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We publish short lay-summaries ("breaks") of scientific research. Our authors are scientists involved in the field of the summarized research. Our readers are academics and laypeople likewise. Learn more.
How platelets pull the strings
Without platelets, humans might have bled to death even with the tiniest of wounds. But is their only function to stop blood loss? New results suggest that they could also help in starting to heal a wound by forming new specialized tissue. These findings pave the way for improvements in implanted medical devices and treatment options for those suffering from frequent bleeding.
A tool for precisely modelling real-world quantum devicesMar 24, 2023 | 4 min read by Moritz Cygorek , Erik Manuel Gauger
Using the quantum properties of atoms to reveal what's undergroundMar 22, 2023 | 4 min read by Jamie Vovrosh , Daniel Boddice , Michael Holynski
New chemistry in unusual bacteria displays drug-like activityMar 21, 2023 | 3.5 min read by Grace Dekoker , Joshua Blodgett
Girls are more likely to attribute failure to lack of talentMar 15, 2023 | 3.5 min read by Clotilde Napp , Thomas Breda
Finding the straw that breaks the cancer's back?Mar 13, 2023 | 4 min read by Hazal Köse , Matthias Wirth
Tiny molecular probes reveal invisible forces inside cellsJan 10, 2022 in Maths, Physics & Chemistry | 4 min read by Margot Riggi
The seed’s hidden defense arsenal: using bacteria to defend against diseaseFeb 10, 2022 in Plant Biology | 3 min read by Haruna Matsumoto , Tomislav Cernava , Mengcen Wang
Brain activity of conservatives and liberals diverge while watching the newsJan 5, 2022 in Psychology | 4 min read by Yuan Chang Leong
No need to stress when the dissertation deadline approachesFeb 18, 2022 in Psychology | 3.5 min read by Max Korbmacher
Marsquakes redefine what we tought about a quiet Mars
Analyzing seismic waveforms recorded by the InSight mission seismometer, we discovered and documented 47 marsquakes in the Cerberus Fossae region of Mars. Their repetitive nature at all times of the Martian day tells a story of their likely volcanic origin and of a mobile Martian mantle. Mars harbours a liquid core, and it remains to be understood why the Martian geodynamic field ceased to exist.Feb 13, 2023 | 4 min read
How do immune cells enter tissues to protect the body?
Immune cells can move within our body, even between firmly attached cells. How do they overcome these impediments? Studying fruit fly embryos, we have discovered that immune cells take advantage of dividing cells. Because intercellular attachments disassemble during division, it creates a weak spot in the dense tissue, through which immune cells can migrate.Jan 17, 2023 | 3.5 min read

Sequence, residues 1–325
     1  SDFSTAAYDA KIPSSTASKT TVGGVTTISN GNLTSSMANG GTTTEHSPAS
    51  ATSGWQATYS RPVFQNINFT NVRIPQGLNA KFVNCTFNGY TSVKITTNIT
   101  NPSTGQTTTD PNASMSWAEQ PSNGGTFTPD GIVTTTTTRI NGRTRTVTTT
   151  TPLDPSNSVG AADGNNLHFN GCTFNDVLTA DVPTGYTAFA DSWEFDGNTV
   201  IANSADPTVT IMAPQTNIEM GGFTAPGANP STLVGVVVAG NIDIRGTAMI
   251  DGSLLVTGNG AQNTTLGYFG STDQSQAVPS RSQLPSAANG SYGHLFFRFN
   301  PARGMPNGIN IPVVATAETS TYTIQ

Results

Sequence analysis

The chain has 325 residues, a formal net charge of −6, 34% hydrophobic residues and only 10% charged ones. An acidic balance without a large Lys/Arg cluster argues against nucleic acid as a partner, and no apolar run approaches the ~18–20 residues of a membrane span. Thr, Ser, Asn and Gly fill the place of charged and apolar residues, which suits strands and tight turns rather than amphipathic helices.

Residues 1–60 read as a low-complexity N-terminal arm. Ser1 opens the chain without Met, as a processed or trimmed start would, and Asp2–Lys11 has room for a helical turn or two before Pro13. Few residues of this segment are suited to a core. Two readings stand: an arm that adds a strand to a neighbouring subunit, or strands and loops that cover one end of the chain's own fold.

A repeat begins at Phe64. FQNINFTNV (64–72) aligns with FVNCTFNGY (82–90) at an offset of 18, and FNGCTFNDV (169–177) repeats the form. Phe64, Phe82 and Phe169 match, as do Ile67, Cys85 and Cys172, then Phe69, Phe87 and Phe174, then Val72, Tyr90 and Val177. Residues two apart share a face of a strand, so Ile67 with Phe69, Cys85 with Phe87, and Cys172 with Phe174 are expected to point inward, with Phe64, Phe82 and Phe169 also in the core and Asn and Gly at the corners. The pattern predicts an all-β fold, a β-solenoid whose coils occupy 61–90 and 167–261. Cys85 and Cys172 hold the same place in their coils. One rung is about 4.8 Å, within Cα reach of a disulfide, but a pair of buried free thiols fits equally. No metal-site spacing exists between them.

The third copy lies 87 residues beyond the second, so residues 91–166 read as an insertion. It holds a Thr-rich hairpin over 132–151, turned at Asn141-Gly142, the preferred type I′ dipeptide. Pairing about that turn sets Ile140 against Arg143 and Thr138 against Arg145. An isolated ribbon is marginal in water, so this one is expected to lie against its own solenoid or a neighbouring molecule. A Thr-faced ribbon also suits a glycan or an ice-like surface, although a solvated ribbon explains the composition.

Solving A Decade-Long Mystery: Neurons Hold The Key To Rare Neurological Diseases
Amyotrophic lateral sclerosis and frontotemporal dementia are devastating neurological diseases. Yet, there is no effective treatment for them. We uncovered a genetic cause of these diseases leading to a cryptic process in neurons caused by a malfunctioning protein. Our finding might help provide a potential new therapy for such neurological diseases.Feb 6, 2023 | 3.5 min read
Plant genetic engineering makes treasure from trash
We have seen in recent years a massive leap forward in plant genetic engineering which holds great promise for future plant breeding. However, the genes that steer the plant’s powerhouses had resisted our attempts to change them. We tried a technique that had fallen out of favour in the last decade, and we unexpectedly discovered an efficient and valuable tool.Feb 27, 2023 | 3.5 min read
The Impact of SARS-CoV-2 on the Brain: It Is All in Your Head
What is going on with SARS-CoV-2 infection and your brain? Even in mild infection there may be neurological injury that affects recovery. In our study, brain tissue recovered from SARS-CoV-2 infected non-human primates revealed microbleeds, neuron injury and death, and evidence of brain hypoxia, all of which may cause long-lasting neurological symptoms after infection.Feb 15, 2023 | 3.5 min read
Two hits in one – the neurobiology of schizophrenia
Schizophrenia is widely thought to involve the disruption of both early and late phases of brain development – the so-called ‘two-hit’ hypothesis – but what is the biology behind these two hits? Studying genetic changes contributing to risk for the disorder, we uncovered surprising links between the biological pathways involved in early and late hits.Jan 31, 2023 | 3 min read